Our nation's health care system is facing an economic meltdown of unprecedented proportions. Over the past 20 years, medical inflation has averaged double the general inflation rate. In the 5 years between 1999 and 2004, premiums—where costs converge from throughout the continuum— rose 5.5 times the general inflation rate, 4.0 times workers'earnings, and 2.3 times the growth of business income.
The private sector is increasingly unwilling to pay for rising health care costs. A recent Kaiser Family Foundation report on employer health benefits showed that between 2001 and 2006, the percentage of employers offering coverage plummeted from 68% to 61%, a 10.3% drop over 5 years or a 2.1% annual erosion rate. During the same period, the percentage of employees with coverage dropped from 65% to 59%. And those companies that continue to provide health insurance have steadily reduced benefits and required employees to contribute more to their costs.
The public sector is also responding to increased health care cost, with reduced federal reimbursements for Medicare and cutbacks by state legislatures.
At some point in the near future, as fewer dollars are available for more care, the system could fail: Public hospitals could be forced to close, staffs dismissed, and suppliers not paid. Keep in mind that, at one-seventh of the dollars and oneeleventh of the jobs, health care is the largest sector in the US economy. If health care goes down, the turmoil would likely cascade to all sectors of the economy.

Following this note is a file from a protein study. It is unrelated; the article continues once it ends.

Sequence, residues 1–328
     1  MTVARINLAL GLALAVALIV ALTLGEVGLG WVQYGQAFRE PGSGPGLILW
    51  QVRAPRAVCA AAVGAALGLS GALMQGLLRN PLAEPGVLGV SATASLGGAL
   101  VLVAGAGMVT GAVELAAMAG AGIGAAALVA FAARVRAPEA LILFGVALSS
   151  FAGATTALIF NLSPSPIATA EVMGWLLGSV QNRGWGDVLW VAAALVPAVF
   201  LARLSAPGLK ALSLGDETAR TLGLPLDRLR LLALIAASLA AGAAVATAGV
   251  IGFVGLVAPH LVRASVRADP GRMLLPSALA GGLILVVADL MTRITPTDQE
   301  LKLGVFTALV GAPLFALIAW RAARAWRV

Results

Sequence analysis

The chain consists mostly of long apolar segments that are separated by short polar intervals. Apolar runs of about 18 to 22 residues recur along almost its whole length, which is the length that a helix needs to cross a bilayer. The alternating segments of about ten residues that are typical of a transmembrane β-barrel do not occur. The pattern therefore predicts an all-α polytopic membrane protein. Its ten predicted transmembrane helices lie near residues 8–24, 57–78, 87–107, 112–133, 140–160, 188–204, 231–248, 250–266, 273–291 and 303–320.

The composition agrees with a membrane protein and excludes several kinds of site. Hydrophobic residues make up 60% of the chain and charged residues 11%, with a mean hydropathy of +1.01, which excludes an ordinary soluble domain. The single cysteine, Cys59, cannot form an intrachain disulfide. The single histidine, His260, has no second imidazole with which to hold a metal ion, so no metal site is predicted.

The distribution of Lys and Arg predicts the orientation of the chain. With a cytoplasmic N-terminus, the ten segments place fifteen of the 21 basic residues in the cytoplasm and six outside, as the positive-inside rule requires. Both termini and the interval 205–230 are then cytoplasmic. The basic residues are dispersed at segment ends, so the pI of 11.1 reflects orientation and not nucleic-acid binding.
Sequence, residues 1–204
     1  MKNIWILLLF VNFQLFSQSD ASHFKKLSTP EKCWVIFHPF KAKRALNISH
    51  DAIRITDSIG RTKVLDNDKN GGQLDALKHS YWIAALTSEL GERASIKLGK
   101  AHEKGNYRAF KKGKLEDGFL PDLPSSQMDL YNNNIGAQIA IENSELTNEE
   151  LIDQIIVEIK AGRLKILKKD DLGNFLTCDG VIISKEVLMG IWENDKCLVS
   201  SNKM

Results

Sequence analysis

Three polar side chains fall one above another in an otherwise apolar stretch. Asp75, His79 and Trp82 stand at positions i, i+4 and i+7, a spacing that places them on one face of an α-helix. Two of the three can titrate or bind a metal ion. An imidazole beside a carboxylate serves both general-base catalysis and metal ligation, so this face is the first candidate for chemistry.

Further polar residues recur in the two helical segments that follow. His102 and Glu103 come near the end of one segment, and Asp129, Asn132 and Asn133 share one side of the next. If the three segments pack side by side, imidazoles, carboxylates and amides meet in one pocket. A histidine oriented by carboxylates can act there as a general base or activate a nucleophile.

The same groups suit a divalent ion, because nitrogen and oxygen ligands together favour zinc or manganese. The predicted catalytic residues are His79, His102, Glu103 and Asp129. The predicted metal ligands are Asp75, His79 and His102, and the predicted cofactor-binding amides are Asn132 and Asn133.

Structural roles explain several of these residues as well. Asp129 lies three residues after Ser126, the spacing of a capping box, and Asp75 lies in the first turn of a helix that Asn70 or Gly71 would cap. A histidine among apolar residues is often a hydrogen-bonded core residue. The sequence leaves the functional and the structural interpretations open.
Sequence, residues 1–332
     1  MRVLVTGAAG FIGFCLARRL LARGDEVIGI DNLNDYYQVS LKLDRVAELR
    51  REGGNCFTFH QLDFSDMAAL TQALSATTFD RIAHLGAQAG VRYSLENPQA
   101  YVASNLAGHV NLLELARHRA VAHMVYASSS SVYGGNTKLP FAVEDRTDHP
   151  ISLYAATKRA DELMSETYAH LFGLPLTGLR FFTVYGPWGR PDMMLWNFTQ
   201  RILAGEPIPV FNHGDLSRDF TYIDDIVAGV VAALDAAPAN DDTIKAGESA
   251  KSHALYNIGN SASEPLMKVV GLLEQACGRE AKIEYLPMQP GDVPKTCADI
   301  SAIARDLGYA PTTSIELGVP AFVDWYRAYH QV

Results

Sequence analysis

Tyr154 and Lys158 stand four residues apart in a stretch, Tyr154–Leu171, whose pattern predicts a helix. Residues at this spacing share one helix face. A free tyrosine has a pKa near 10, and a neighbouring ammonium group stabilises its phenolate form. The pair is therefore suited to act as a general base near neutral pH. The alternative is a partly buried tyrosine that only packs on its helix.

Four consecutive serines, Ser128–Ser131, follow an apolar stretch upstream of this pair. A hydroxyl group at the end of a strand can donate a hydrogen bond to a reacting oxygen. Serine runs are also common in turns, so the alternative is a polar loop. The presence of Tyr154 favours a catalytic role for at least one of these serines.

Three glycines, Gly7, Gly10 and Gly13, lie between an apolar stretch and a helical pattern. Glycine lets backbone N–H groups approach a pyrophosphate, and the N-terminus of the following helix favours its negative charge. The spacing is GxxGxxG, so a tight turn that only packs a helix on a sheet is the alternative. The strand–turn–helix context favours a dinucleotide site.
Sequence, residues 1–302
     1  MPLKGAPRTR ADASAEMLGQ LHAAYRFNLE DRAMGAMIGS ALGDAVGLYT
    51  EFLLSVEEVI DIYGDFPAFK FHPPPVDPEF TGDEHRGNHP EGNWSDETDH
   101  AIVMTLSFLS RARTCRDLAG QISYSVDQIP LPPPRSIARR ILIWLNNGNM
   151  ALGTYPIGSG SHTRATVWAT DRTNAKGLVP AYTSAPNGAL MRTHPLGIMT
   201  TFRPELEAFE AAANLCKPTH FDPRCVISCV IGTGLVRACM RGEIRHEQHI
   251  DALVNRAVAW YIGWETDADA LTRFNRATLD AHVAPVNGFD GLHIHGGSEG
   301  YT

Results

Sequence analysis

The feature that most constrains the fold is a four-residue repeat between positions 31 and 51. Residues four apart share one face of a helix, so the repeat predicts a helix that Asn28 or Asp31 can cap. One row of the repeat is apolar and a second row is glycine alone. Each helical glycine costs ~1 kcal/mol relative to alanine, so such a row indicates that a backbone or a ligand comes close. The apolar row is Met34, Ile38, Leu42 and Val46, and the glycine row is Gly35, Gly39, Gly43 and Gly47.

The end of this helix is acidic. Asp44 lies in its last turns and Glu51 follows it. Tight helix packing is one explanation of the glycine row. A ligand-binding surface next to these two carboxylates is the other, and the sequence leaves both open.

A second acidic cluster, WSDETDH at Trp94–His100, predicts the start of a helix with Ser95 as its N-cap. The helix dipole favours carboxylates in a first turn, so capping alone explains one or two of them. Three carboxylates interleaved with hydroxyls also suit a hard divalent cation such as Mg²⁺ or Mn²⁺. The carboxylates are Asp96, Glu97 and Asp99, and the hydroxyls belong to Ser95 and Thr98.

One of health care's core problems is the extraordinary disconnectedness of its players. Literally millions of health care professionals and thousands of organizations are routinely rewarded for acting in their own interest, independent of how their decisions and actions impact health care as a whole.
Health care's systemic fragmentation and generous reimbursements have created very wealthy sectors. That, in turn, has led to a broad distribution of power among special interests who have strong influence over health care policy. As a result, proposals for substantive change typically threaten the interests of groups that have the power to kill them.
AN OPAQUE SYSTEM
This economic gridlock has been significantly exacerbated by a distinctly different but related problem: Over time, we have failed to create a transparent management infrastructure that allows us to identify problems so we can attack them. Health care’s lack of transparency (its opacity) has cultivated an opportunistic business environment that pervades the industry. In other words, each group is free—and has the incentive— to pursue its own interests at the expense of the system as a whole.